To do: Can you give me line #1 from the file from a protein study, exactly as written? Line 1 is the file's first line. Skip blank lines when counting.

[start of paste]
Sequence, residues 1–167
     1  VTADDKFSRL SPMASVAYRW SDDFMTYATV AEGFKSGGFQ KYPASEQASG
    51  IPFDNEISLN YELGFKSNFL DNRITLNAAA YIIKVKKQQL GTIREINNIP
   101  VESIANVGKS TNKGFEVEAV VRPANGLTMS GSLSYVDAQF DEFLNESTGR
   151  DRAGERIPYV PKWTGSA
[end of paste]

Sequence, residues 1–167